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Critical [1] / Complete [1] Guide

"A guide is a person who leads anyone through unknown or unmapped country. This includes a guide of the real world (such as someone who conducts travellers and tourists through a place of interest), as well as a person who leads someone to more abstract places (such as to knowledge or wisdom)."

— Wikipedia

A textbook on the other hand is a manual of instruction in any branch of study. Textbooks are produced according to the demands of educational institutions (Source: Wikipedia).

I have come across many students whose feedbacks were disbelievingly similar:

"Since it is compulsory for me to get the textbook, I feel that there is no further need to get the guide. Since the guide is no more than regurgitating what is already mentioned in the textbook, I would rather try to learn by studying the textbook first and then follow by practising some of the readily available exercises provided by the teacher. I believe teacher knows best. When the going gets tough, it is usually due to my large class size. I will then seek private tuition instead."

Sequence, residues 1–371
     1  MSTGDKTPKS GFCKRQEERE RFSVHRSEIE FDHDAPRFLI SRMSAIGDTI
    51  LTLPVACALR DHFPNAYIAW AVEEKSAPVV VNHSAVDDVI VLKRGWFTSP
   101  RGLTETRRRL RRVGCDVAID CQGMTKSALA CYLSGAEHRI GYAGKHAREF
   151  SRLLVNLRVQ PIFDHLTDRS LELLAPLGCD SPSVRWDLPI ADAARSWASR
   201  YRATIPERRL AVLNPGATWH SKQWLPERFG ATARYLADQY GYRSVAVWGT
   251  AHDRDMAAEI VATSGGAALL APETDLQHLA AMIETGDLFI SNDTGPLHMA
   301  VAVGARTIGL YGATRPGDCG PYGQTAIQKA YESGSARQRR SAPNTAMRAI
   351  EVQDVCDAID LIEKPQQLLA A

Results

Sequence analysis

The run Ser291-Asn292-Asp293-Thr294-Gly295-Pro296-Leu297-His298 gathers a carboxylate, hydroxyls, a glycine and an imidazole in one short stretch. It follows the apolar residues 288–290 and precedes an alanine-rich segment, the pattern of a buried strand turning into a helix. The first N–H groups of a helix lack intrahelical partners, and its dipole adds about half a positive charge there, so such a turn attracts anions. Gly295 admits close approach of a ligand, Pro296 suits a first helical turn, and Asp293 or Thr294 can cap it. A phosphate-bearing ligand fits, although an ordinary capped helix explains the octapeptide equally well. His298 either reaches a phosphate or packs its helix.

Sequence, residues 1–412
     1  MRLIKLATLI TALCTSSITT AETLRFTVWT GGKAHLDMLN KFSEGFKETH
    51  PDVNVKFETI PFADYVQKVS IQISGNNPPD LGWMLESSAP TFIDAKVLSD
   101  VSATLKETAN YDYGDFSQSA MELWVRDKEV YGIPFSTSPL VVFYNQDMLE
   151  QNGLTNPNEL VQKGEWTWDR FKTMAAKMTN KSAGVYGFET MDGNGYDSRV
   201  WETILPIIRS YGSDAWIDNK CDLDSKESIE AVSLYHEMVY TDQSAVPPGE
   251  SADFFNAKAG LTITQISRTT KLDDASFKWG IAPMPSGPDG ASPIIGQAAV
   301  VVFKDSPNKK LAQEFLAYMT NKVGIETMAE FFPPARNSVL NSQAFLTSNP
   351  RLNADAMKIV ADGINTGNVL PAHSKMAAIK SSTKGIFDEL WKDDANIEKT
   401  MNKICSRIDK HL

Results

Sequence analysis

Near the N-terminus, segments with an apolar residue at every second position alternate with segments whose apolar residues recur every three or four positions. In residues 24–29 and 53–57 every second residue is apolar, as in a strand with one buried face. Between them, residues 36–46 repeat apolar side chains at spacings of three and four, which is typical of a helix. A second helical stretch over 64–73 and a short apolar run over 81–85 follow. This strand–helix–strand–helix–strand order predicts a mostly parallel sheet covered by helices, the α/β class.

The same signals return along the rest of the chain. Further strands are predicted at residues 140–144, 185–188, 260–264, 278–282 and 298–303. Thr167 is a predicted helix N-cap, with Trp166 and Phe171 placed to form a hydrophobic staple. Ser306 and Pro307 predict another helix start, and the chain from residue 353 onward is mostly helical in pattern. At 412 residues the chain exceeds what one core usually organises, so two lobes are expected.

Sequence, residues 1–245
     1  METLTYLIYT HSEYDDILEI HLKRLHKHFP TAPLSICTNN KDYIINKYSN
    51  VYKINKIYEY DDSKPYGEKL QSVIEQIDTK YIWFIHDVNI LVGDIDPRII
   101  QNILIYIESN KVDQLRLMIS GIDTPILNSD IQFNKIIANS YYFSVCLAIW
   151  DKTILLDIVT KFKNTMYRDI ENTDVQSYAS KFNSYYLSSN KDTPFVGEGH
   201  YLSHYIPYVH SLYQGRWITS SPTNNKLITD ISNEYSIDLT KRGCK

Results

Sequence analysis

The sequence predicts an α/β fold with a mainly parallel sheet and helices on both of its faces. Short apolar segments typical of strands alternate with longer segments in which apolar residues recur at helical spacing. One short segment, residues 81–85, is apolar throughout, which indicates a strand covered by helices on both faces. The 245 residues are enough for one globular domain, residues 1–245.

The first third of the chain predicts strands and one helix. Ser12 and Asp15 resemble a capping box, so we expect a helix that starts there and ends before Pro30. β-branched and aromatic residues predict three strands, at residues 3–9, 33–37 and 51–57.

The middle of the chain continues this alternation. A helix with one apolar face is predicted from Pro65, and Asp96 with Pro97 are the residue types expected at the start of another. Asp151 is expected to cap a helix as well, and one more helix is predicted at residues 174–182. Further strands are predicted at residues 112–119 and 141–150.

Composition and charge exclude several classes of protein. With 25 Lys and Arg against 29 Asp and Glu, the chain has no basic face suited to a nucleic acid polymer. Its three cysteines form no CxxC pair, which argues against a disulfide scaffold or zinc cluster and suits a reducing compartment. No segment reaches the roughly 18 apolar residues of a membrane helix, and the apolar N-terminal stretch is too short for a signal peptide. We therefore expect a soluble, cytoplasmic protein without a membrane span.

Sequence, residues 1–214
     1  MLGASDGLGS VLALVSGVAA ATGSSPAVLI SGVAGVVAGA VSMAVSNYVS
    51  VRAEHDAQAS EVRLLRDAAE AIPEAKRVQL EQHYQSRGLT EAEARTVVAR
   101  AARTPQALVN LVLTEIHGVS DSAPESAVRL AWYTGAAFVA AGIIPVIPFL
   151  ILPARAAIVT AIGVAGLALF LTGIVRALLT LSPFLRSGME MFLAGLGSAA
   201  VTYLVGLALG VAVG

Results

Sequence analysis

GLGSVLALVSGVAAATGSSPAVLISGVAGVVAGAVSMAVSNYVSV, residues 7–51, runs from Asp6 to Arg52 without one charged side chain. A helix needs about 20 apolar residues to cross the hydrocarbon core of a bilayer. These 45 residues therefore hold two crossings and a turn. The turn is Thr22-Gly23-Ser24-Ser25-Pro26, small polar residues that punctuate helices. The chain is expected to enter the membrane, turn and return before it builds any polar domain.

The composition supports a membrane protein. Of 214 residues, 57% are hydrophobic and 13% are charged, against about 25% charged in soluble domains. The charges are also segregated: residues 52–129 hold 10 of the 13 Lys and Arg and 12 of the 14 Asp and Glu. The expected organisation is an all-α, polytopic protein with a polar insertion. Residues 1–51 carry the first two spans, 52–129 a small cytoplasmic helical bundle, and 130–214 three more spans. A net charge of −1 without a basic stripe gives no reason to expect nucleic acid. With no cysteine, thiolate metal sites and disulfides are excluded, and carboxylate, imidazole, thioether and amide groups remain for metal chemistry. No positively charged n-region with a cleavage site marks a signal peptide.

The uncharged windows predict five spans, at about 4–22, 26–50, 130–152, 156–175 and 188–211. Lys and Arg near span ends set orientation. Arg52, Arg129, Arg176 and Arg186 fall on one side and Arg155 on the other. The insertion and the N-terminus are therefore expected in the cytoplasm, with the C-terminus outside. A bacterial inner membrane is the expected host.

Unfortunately, no matter how good the private tutor is, the private tutor is only willing to spend at most 1-2 hours per week per subject to coach the student. This approach clearly is inadequate. If it is, then every single student would have achieved distinction grades with ease. But, that is not the current scenario. Accurate self-education is therefore of paramount importance.